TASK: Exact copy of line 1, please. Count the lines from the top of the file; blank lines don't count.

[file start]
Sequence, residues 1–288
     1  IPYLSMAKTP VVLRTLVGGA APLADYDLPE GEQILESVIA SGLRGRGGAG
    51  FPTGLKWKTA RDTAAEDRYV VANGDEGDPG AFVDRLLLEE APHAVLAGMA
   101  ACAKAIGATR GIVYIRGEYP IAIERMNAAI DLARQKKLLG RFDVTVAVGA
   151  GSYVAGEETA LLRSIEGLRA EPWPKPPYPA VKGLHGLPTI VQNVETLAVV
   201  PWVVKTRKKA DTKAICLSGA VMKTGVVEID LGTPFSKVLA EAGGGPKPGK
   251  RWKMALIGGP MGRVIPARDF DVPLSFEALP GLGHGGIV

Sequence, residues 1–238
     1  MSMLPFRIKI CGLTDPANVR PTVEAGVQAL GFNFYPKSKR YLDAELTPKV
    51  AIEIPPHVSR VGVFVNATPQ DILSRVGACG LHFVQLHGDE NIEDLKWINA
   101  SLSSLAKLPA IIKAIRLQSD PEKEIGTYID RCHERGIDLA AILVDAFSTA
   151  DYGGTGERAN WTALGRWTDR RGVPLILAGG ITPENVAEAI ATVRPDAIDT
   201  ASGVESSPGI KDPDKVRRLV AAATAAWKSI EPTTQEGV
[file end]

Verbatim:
Sequence, residues 1–288